In 1958 Pablo Picasso bought Château de Vauvenargues and 1,012 hectares of land that extend to La Croix. He said with glee, “Cézanne painted these hills and now they are mine.” Picasso lived here until ill-health forced his return to the Riviera in 1961. Afterwards he rarely visited and his beloved château suffered neglect. Picasso’s step-daughter, Catherine Hutin, owns it today inheriting from her mother, Jacqueline. It took her until 2009 to open the château to the public.
I’m eager to see Picasso’s château dating back to 1297, but in 2011 the website was unclear about tours. A woman tucked behind its open wrought-iron gate says, “Oui, it’s open but you need a reservation to do the tour.”
I don’t have one, but after some negotiation I am allowed in for the guided tour and the exhibition of Picasso’s little-known etchings. I am cautioned that no photography is allowed inside or outside. Eighteen tourists join me but there’s no translation of the commentary or guidebook for non-French-speaking art aficionados.
Originally built in 1297, Picasso’s chateau is open to the public seasonally though it is in poor condition and offers a limited appreciation of the artist’s larger-than-life presence there during the final chapter of his life.
When Picasso moved in, he left many of the main rooms as he found them, including a formal dining room with a small chapel at one end, but he filled the terrace with his sculptures. Inside, the château smells damp. It’s austere and not as big as I expected; nonetheless Picasso, his second wife Jacqueline, and their Afghan hounds must have rattled around in it. The family quarters on the sunny side are plain and sparsely furnished. I imagine the Matisses that Picasso hung but no longer grace the walls. The noonday light exposes unhealed ravages of time – crumbling plaster and peeling paint. A few of Picasso’s sculptures stand in the hall and family dining room.
None of his paintings are here though dozens of his etchings are exhibited. A few I like, especially those of bullfights and circuses, and many I don’t, but I appreciate his remarkable gift. Although he did three of Vauvenargues, he never painted his château or Mont Sainte-Victoire. “I want to leave the mountain to the genius of Cézanne,” Picasso said.
During their 20 years together, Jacqueline, Picasso’s second wife, modeled for more than 400 of his paintings. He was 79 when they married in 1961. ©Ombrelle (Creative Commons)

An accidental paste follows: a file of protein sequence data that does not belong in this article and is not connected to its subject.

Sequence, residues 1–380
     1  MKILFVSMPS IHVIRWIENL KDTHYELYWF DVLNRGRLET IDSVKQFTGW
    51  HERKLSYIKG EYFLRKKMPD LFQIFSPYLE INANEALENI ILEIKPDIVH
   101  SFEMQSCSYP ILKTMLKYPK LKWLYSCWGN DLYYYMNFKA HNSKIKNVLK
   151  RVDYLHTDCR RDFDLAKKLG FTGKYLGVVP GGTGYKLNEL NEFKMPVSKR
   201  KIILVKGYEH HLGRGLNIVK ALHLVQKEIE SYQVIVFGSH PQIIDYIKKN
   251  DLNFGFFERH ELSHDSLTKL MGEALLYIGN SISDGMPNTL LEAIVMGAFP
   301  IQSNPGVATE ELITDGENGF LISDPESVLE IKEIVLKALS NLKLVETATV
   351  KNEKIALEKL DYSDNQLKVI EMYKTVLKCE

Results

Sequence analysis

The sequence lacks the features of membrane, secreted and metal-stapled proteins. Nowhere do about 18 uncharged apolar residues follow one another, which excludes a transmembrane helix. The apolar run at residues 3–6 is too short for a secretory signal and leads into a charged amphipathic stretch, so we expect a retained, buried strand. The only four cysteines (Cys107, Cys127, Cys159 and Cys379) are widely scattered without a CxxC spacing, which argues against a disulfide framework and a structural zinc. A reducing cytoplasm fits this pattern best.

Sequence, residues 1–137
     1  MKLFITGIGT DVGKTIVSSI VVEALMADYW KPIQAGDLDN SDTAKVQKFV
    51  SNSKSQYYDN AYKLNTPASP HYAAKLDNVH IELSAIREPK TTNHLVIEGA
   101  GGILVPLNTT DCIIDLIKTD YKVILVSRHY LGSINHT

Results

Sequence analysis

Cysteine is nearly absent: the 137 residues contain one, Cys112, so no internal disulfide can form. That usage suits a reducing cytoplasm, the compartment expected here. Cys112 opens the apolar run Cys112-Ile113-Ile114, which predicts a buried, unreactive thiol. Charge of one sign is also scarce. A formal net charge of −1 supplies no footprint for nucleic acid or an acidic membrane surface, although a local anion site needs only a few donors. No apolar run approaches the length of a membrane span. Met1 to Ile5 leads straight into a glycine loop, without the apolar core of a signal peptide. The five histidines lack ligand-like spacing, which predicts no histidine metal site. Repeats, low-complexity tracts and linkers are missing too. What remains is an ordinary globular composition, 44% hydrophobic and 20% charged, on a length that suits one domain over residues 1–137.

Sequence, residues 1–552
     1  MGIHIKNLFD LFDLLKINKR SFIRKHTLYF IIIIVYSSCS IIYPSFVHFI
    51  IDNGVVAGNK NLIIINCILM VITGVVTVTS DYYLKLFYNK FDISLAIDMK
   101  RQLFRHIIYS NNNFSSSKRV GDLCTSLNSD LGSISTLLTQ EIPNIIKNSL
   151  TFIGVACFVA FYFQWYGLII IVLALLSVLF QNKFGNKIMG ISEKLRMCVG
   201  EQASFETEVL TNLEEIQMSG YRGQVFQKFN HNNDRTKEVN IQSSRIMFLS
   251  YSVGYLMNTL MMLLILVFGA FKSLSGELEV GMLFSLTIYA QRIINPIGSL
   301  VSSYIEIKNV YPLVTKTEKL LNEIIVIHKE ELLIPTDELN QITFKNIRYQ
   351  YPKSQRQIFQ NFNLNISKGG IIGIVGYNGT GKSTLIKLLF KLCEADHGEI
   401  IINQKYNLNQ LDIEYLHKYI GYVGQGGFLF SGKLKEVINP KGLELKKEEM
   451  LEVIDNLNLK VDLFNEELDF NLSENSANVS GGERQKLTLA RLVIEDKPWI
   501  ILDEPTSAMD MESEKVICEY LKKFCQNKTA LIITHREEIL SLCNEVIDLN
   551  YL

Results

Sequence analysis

I discover little of Picasso’s spirit in the château which he and Jacqueline only occupied for four years. An exception is his bathroom’s high-spirited mural of a forest faun playing a flute, which he painted for his wife. However, the last room on the tour speaks volumes about the man. This is his studio, originally le grand salon. Here he worked feverishly under ornately carved crown mouldings and beside a Baroque-style mantelpiece that soars 20 feet to the ceiling. The studio is filled with Picasso’s over-sized easels, pots of paints on the refectory table that he used as a huge palette, and his brushes. Even his paint splatters still spot the tiled floor.
The author visited a small, fortified church typical of this part of Provence. ©James S. Ferguson
As the tour ends, I gaze down at Picasso’s statue La Dame à l’offrande, sculpted in 1933, atop a grassy mound. His body is interred beneath it. When Picasso’s widow received permission in 1973 to bury him on private land, she placed the statue, which meant the world to him, on top of the grave. Jacqueline despaired over Picasso’s death and 13 years later took her own life. She lies beside him. I’m mildly disappointed with my visit to Picasso’s Château de Vauvenargues. I had hoped for more – some paintings, the opportunity to take photographs, an English-speaking guide, and a château in better condition. However, I relish the fact that I have walked in the footsteps of the greatest legend of modern art.
Tonight, sipping vin rosé, I savour the sunset’s light on Picasso’s and Cézanne’s Mont Sainte-Victoire with the satisfaction of knowing these “Painters of Light” a little more intimately than I did the day before.
Cycling is another popular but challenging way to explore the Mont Sainte-Victoire area. Courtesy of VéloSport Vacations
Typical Provence countryside.
Julie H. Ferguson is an addicted traveller, a photographer, and the author of 24 books, four of which are about Canadian history and nine are photo portfolios. Julie never leaves home without her cameras and voice recorder, always looking for the color and sounds that captivate readers everywhere. Julie’s websites are www.beaconlit.com and www.stampsinmypassport.blogspot.com.